Companies do well by getting everyone on board with the company vision, mission, and objectives.  Employees work better when they have attainable goals to achieve.  Visions and missions can create a sense of passion and not so much the feeling of redundancy with daily mundane tasks.  The business’s core objective help to better spell out what they specifically aim to achieve.  Breaking down the vision and overall objective into these separate tasks makes the likely hood of accomplishing the goals a real possibility.  Each depart knows their part toward achieving these goals (i.e. the Finance team would help with financing the plan and the Product team would help with the development of new products).

Value Chain Analysis

Figure 5 Value Chain Graphic

Source: Value Chain Graphic. Our Value Chain and Its Impacts – Sustainability Report 2013/14 – Ford Motor Company. (2016). Ford Corporate. Retrieved March 19 2016, from

Ford recognizes the importance of being socially responsible, as a global company.  Ford touches so many aspects of the world in so many different locations.  All of the following bullet points are taken from Ford’s 2014/15 Sustainability Report, specifically from the “Our Value Chain and Its Impacts” page.  These points speak to the many ways they’re strategically focusing on the value chain and the real world applications of each category shown above in Figure 5.

Product Planning & Design

  • $6.4 billion spent on engineering, research and development in 2013
  • 718 U.S. utility patents were issued to Ford and subsidiaries for new technologies and processes developed in 2013
  • 23 new or significantly refreshed vehicles launched in 2014

Raw Material Extraction

  • Since 2011, Ford asked their global production supply base to report use of Conflict Minerals by material weight
  • Ford submitted their first Securities and Exchange Commission (SEC) report on conflict minerals in 2014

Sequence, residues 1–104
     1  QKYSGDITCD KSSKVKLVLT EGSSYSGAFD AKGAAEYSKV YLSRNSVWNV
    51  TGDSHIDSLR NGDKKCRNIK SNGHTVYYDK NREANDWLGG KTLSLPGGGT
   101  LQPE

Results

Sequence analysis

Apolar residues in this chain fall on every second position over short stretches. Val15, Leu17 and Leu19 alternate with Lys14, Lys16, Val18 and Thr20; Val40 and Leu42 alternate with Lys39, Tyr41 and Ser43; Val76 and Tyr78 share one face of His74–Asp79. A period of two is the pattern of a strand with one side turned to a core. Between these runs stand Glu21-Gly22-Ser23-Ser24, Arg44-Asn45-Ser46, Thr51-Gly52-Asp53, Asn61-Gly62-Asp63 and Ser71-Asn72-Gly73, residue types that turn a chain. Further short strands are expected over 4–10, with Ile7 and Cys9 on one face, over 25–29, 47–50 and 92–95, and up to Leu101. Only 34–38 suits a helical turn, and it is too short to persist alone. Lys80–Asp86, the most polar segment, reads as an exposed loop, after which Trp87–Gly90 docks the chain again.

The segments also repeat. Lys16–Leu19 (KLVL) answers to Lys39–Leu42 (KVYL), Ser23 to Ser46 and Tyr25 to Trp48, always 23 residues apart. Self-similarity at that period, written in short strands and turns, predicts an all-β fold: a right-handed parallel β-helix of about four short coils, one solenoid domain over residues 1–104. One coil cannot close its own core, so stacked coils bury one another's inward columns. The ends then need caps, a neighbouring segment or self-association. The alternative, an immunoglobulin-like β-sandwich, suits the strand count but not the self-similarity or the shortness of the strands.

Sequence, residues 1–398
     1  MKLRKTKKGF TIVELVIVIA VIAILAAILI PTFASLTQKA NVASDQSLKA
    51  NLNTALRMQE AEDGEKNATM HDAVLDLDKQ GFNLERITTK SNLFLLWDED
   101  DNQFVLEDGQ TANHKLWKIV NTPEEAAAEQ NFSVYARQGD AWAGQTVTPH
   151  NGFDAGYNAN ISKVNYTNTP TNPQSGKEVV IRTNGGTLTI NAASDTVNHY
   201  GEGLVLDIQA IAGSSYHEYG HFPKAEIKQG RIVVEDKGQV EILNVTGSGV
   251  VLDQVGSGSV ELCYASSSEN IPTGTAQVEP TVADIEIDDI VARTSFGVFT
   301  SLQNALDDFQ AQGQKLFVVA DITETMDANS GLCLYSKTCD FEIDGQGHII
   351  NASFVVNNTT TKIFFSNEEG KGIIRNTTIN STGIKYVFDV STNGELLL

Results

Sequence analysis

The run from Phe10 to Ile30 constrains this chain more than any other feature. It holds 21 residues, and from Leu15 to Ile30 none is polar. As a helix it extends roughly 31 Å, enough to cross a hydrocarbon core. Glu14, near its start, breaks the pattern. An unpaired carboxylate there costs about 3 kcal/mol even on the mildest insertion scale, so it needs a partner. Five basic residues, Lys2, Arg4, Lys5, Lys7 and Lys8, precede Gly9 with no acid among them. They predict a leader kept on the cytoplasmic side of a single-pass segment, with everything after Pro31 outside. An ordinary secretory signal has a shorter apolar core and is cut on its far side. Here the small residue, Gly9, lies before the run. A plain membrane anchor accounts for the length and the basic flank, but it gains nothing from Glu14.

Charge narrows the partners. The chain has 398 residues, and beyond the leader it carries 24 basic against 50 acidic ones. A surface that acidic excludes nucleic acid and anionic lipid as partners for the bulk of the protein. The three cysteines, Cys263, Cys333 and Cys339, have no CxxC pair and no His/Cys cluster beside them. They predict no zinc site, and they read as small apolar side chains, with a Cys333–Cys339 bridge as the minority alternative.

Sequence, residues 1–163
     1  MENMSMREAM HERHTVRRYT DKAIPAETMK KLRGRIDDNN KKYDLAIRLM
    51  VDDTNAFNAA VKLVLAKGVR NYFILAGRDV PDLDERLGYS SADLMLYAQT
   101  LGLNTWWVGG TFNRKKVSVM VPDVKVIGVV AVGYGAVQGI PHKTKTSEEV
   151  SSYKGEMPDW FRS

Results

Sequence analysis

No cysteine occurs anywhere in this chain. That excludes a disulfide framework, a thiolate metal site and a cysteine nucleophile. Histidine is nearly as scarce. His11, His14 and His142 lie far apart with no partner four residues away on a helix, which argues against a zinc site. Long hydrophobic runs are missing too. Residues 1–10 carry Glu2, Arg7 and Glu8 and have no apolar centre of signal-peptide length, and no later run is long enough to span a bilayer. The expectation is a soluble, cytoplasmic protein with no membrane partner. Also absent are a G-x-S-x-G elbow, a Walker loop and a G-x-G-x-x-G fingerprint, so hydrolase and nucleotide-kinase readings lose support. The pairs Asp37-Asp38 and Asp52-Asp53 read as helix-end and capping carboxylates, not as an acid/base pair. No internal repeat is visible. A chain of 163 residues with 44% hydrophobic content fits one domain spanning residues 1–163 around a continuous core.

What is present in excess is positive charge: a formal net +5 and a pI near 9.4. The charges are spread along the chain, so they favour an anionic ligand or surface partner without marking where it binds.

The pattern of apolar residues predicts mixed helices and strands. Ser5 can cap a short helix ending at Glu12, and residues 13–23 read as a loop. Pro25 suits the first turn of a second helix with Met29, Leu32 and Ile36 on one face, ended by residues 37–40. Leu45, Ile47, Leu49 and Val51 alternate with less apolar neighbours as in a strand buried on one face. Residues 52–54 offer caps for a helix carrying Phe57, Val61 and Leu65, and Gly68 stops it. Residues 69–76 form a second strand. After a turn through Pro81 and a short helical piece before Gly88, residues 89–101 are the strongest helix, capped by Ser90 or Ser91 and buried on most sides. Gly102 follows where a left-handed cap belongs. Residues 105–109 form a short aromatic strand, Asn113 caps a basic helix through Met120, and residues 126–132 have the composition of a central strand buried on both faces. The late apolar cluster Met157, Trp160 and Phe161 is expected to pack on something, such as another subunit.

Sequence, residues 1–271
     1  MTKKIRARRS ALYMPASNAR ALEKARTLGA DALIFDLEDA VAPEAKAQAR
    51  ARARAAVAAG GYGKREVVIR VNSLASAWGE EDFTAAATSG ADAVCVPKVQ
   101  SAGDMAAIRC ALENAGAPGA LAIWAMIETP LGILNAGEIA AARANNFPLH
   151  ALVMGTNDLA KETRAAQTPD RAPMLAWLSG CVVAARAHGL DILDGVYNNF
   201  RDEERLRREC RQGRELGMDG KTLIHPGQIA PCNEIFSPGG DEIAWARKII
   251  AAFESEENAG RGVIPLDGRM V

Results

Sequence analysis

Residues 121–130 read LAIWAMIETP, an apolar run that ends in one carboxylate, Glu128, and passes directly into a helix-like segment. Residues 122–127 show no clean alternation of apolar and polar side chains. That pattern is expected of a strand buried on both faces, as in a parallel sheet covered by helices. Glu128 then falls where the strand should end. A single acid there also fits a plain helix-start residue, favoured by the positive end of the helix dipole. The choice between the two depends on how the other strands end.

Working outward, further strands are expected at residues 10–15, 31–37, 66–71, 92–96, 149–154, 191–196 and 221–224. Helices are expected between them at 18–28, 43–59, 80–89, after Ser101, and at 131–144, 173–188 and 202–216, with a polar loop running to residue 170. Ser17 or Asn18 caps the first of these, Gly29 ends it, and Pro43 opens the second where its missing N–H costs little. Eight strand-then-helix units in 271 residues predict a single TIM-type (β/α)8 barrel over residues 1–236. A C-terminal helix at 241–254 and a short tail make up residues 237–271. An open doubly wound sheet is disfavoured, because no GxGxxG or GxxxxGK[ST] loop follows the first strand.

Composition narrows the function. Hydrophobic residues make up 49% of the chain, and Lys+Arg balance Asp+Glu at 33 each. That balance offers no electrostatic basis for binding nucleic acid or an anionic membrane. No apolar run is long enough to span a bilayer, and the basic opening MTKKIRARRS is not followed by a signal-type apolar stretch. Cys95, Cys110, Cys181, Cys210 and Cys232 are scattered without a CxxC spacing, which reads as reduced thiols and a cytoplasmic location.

• Ford has been tracking and reporting transportation- and logistics-related GHG emissions since 2006
  • Ford is reducing freight emissions by lessening the number of vehicle miles traveled to deliver parts, as well as improving route efficiencies and switching to lower-emission transport methods Africa, India and Australia

Supplier Parts Manufacturing

  • $100 billion spent with more than 12,100 production and non-production supplier companies globally in 2013
  • All of their direct suppliers adhere to their requirements on human rights, working conditions and environmental sustainability
  • To date, Ford’s supplier training programs have impacted more than 2,900 supplier representatives, who in turn have cascaded the training information to nearly 25,000 supplier managers and more than 485,000 individual workers as well as over 100,000 sub-tier supplier companies

Ford Manufacturing

  • In 2013, Ford employed 181,000 people globally
  • Also in 2014, Ford added 11,000 salaried and hourly jobs in the U.S. and Asia combined
  • In 2013, they contributed $3.2 billion in taxes globally
  • Reduced CO2 emissions from their global operations in 2013 by 15 percent per vehicle produced, compared to 2012
  • Also in 2013, Ford invested $37.7 million in local communities through charitable contributions


  • In 2013, Ford sold more than 6.33 million vehicles globally
  • Worldwide, they had 11,772 Ford and Lincoln dealerships as of year-end 2013


  • Reduced fleet-average CO2 emissions from their U.S. car fleet by 2 percent and their truck fleet by 3 percent in 2012 compared with 2013
  • Reduced fleet-average CO2 emissions from their European vehicles by 18 percent from the 2007 to 2013 calendar years